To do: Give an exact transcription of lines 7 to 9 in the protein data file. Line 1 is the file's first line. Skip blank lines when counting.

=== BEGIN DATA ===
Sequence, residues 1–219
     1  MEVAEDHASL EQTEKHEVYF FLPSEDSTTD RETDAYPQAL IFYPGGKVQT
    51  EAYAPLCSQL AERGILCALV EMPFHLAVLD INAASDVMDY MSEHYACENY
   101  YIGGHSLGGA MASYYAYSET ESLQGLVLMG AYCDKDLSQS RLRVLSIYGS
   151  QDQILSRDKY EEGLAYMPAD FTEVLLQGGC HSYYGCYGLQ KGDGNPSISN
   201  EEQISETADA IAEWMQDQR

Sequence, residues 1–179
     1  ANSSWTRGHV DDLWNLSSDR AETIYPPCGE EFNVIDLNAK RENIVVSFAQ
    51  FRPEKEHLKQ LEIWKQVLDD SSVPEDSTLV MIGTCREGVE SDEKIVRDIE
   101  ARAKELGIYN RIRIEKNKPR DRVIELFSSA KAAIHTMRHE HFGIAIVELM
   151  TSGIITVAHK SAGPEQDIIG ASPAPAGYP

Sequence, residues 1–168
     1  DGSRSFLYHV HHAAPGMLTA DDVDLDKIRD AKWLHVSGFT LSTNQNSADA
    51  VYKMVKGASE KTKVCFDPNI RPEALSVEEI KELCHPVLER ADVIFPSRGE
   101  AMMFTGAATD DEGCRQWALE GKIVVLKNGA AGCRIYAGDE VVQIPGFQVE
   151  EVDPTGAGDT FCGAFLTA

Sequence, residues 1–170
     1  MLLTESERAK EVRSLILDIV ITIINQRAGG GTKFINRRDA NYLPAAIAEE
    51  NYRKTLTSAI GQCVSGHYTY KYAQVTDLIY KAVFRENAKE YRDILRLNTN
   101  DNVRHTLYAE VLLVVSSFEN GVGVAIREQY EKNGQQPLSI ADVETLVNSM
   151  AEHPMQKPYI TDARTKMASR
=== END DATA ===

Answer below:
Sequence, residues 1–179
     1  ANSSWTRGHV DDLWNLSSDR AETIYPPCGE EFNVIDLNAK RENIVVSFAQ
    51  FRPEKEHLKQ LEIWKQVLDD SSVPEDSTLV MIGTCREGVE SDEKIVRDIE